• Additionally, methods of this invention can be implemented on a special purpose computer, a programmed microprocessor or microcontroller and peripheral integrated circuit element(s), an ASIC or other integrated circuit, a digital signal processor, a hard-wired electronic or logic circuit such as discrete element circuit, a programmable logic device such as PLD, PLA, FPGA, PAL, or the like. In general, any device capable of implementing a state machine that is in turn capable of implementing the proposed methods herein can be used to implement the principles of this invention.
  • Furthermore, the disclosed methods may be readily implemented in software using object or object-oriented software development environments that provide portable source code that can be used on a variety of computer or workstation platforms. Alternatively, the disclosed system may be implemented partially or fully in hardware using standard logic circuits or a VLSI design. Whether software or hardware is used to implement the systems in accordance with this invention is dependent on the speed and/or efficiency requirements of the system, the particular function, and the particular software or hardware systems or microprocessor or microcomputer systems being utilized.
  • While the aforementioned principles have been described in conjunction with a number of embodiments, it is evident that many alternatives, modifications and variations would be or are apparent to those of ordinary skill in the applicable arts. Accordingly, it is intended to embrace all such alternatives, modifications, equivalents, and variations that are within the spirit and scope of this invention.

Claims (28)

    What is claimed is:
  1. 1. A tracking system comprising:
    a mobile device that records item data from a data source identified with an item and wirelessly transmits this item data in a radio frequency (RF) signal;
    a radio receiver network including at least two receiver antennae that receive the RF signal transmitted by the mobile device;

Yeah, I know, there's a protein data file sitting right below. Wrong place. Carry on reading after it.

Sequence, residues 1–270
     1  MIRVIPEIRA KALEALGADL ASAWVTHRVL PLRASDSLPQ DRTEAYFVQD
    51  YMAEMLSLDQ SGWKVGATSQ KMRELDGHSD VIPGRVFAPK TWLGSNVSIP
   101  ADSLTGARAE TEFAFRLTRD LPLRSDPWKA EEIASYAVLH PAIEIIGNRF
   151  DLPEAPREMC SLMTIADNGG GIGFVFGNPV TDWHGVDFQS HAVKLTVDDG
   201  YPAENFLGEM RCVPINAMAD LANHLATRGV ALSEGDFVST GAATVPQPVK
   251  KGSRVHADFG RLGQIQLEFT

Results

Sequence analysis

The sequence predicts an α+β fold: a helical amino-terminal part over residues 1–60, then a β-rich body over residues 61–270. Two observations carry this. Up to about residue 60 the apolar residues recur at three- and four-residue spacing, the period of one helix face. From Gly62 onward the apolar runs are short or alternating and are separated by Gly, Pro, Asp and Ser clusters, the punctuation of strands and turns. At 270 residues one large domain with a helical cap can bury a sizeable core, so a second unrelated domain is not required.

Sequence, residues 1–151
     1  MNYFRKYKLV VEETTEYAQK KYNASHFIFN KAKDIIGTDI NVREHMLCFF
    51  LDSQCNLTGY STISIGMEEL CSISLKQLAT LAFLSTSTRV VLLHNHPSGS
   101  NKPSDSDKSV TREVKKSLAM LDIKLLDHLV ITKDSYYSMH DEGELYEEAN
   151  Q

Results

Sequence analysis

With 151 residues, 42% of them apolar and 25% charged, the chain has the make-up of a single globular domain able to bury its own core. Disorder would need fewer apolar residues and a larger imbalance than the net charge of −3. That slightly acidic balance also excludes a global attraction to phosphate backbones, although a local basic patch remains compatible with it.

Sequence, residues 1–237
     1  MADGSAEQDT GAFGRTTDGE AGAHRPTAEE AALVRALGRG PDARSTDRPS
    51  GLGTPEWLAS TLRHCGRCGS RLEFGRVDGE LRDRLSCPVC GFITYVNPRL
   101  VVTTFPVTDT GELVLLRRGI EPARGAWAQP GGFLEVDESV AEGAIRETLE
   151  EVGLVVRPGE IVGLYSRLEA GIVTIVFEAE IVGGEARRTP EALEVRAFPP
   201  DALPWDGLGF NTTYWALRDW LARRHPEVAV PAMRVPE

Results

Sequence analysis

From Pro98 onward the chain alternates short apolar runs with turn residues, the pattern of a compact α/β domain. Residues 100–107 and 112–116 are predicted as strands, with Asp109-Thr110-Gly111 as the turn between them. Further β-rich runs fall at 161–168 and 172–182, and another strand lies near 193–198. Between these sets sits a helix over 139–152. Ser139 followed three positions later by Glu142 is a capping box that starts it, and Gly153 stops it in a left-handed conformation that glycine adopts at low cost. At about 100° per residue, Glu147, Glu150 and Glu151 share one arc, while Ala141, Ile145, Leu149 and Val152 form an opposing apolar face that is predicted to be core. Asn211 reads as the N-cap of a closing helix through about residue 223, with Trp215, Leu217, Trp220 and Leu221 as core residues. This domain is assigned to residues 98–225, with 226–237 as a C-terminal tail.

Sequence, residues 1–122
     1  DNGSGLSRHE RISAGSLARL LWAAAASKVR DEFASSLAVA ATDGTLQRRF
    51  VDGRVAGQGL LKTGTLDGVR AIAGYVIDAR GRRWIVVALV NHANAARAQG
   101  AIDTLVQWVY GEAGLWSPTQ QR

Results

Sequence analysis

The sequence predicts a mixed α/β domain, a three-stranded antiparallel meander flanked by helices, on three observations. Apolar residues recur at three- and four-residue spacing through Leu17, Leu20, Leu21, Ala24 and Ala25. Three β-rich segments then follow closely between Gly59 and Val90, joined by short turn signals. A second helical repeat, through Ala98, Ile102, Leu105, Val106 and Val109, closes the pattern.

a comparator circuit configured to determine a timing difference between the RF signal received by one of the at least two receiver antennae and the RF signal received by another of the at least two receiver antennae; and
    a central processing unit in communication with the comparator circuit to acquire the timing difference and to calculate therefrom a physical location of the item, the central processing unit further identifying the item based on the item data transmitted from the mobile device and associating the identified item with the determined physical location of the item.
  2. 2. The tracking system of claim 1, wherein the item data is physically attached to or embedded in the item.
  3. 3. The tracking system of claim 1 wherein the data source from which the item data is recorded includes an image of the item.
  4. 4. The tracking system of claim 1, wherein the mobile device employs a radio transmitter to transmit the item data and relevant timing information to the radio receiver network.
  5. 5. The tracking system of claim 1, wherein the mobile device employs an infrared camera for recording item data through a barcode associated with the item.
  6. 6. The tracking system of claim 1, wherein the mobile device includes a transmitter that sends an RF signal transmission that activates a passive transponder tag, and wherein the passive transponder tag, in response to being activated by the RF signal transmission sent by the mobile device, transmits the item data recorded by the mobile device.